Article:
A few days ago I was reminiscing about the dinner table of my childhood with a close friend. Our conversation about language led me to recall a “word of the day” game that I played with my siblings and parents. Each evening one of the kids was expected to show up at the dinner table with an unfamiliar word. As we passed plates containing protein, starch and vegetables, each family member anxiously awaited the inevitable, always dramatic unveiling. After the kids and then adults tried to guess the definition of the unfamiliar term, the word bearer would reveal its peculiar meaning.
Assuming you have limited funds with which to “buy a vowel” or consign a consonant, what words or phrases are “must haves” in a risk manager’s vocabulary? In a toast to today, here’s my list of eight essential words.
- Aware — Informed, practical risk management begins with being aware. What might go wrong? What could turn out better than we anticipate? What has never happened before… but could? Let’s agree to dispense with exhaustive exercises aimed at “identifying every risk,” and settle on increasing our sense of what’s possible. Simply put, let’s aim to be risk aware.
- Alternate — This one-word alternative to the verbose-sounding “contingency plan” reminds us that escaping dire circumstances often depends on the availability of an alternate escape route. A different way out, around, or through the obstacle or dilemma at hand. Even the best run nonprofits need alternate routes.
- Back-up — This term has different meanings based on how it is used. After your first encounter with the “blue screen of death” on a laptop, you’re likely to hear “when was the last time you backed-up?” from a member of your IT team. “Back up” also refers to the very wise choice of ensuring that no critical task in your nonprofit is owned and understood by a single individual. Let’s face it, stuff happens. We need reliable human and data “backups.”
- Explicit — Many years ago I co-authored a booklet on abuse prevention whose title was an explicit statement noting the fact that supervision of young people never includes sex. I was a bit shocked when the client suggested the title. Yet when a recent story of inappropriate and illegal relations between a trusted adult and vulnerable teen was described in a local paper, I recalled the wisdom of that explicit advice. Instead of hiding behind euphemisms for prohibited conduct (e.g., “boundary violations”), today’s nonprofit risk leaders need to recognize when absolutely clear and explicit direction works best.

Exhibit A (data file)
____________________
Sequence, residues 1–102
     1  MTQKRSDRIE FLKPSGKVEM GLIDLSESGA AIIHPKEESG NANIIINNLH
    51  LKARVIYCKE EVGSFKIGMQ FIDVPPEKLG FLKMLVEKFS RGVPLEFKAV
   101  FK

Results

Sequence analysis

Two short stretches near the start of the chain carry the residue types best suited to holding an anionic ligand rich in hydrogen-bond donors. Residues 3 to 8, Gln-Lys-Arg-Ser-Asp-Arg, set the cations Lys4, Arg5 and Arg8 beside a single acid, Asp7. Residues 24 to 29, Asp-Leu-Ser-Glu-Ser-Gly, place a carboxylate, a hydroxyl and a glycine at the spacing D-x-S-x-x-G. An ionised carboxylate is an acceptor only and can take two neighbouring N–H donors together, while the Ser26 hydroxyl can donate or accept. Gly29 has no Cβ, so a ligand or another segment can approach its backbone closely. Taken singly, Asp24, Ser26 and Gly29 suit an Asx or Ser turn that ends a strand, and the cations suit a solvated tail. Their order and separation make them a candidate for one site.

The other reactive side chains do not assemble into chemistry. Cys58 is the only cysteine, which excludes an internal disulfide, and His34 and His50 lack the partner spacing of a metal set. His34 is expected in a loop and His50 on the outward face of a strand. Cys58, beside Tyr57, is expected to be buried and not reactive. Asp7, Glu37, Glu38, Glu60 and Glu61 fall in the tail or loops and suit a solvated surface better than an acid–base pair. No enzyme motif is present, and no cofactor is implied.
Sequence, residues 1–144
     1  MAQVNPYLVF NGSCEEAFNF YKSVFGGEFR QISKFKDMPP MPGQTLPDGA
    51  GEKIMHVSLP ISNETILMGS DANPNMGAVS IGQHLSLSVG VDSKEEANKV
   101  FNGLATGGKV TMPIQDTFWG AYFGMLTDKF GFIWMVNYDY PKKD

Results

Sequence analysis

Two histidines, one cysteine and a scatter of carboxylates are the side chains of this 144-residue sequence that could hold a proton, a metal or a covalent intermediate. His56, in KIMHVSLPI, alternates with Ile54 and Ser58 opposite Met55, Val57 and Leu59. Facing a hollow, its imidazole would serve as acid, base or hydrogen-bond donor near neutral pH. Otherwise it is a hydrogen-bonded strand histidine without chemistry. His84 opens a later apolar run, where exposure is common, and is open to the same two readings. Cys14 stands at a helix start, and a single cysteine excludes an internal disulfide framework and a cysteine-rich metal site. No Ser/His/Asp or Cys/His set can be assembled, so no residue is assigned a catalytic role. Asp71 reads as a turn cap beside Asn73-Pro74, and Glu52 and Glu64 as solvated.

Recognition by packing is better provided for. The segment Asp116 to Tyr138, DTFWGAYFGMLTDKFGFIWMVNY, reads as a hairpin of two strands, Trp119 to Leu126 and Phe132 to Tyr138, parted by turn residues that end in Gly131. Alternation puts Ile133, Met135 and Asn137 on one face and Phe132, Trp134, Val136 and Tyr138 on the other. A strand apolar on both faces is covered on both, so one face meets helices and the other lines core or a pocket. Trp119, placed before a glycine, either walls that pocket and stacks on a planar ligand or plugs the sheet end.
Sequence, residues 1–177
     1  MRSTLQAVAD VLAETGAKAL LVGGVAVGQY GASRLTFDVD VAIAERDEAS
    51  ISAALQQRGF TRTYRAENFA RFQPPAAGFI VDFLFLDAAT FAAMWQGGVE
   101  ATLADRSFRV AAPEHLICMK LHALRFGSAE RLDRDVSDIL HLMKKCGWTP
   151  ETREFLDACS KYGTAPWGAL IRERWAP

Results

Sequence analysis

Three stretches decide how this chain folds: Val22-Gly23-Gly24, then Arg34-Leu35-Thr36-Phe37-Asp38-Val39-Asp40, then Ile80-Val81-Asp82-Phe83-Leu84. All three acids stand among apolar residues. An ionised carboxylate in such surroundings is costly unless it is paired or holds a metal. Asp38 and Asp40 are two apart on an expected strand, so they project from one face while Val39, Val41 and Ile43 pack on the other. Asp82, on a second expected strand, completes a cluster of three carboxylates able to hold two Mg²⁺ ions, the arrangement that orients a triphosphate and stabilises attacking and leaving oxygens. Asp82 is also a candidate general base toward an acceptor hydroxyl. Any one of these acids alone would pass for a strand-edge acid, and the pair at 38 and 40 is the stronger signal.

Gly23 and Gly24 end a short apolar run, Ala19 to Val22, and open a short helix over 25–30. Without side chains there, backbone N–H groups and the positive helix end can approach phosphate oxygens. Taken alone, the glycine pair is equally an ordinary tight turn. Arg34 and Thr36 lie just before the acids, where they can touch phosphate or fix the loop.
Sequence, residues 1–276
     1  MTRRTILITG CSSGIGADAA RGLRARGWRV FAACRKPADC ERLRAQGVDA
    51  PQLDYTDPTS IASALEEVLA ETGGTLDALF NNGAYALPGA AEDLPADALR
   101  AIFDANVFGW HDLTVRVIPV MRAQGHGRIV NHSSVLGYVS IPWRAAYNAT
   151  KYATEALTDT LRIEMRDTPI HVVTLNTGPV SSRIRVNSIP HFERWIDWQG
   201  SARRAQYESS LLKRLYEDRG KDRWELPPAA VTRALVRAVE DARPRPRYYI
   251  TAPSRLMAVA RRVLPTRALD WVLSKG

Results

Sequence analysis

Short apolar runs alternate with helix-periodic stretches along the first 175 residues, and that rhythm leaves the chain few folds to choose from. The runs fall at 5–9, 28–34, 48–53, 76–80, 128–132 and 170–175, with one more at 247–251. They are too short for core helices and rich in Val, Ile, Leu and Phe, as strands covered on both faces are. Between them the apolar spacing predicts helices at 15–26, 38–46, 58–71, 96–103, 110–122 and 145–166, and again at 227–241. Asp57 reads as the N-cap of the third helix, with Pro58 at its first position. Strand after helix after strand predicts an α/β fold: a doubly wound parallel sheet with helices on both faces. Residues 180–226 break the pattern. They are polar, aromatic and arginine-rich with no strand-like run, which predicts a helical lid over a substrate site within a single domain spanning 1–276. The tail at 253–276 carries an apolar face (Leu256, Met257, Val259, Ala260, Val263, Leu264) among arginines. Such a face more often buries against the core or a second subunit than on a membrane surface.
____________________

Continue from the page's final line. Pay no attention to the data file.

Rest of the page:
- Practical — When I counsel nonprofit leaders about strengthening risk management practices I often find myself preaching about the importance of the “practical” method or approach. Lofty ambitions are of little value when you’re trying to guard against harm to mission, human beings and valuable property.
- Enforceable — Policies and procedures that exist in name only are relics of organizational history, not effective risk management tools. Start pruning your risk management program today in order to lift the huge exposures these policies create.
- Truth — Whether we’re advising clients about the best path for defensible reference giving (“truthful, verifiable information only!”) or helping a nonprofit leadership team evaluate and re-tool a performance appraisal process, the truth is an always necessary, never failing centerpiece of sound risk management.
- Compassion — The discipline of risk management invariably involves policy formulation, staff training, supervision and accountability, record-keeping, and from time to time, accident reports, losses and liability claims. When your risk management program is grounded in compassion—abiding concern for the well-being of all human beings who you serve and who serve—your intuitive responses to unanticipated events, will be the right ones.
Melanie Lockwood Herman is Executive Director of the Nonprofit Risk Management Center. She welcomes your ideas about any risk management topic and questions about the Center’s resources at Melanie@nonprofitrisk.org or 703.777.3504. The Center provides risk management tools and resources at www.nonprofitrisk.org and offers consulting assistance to organizations unwilling to leave their missions to chance.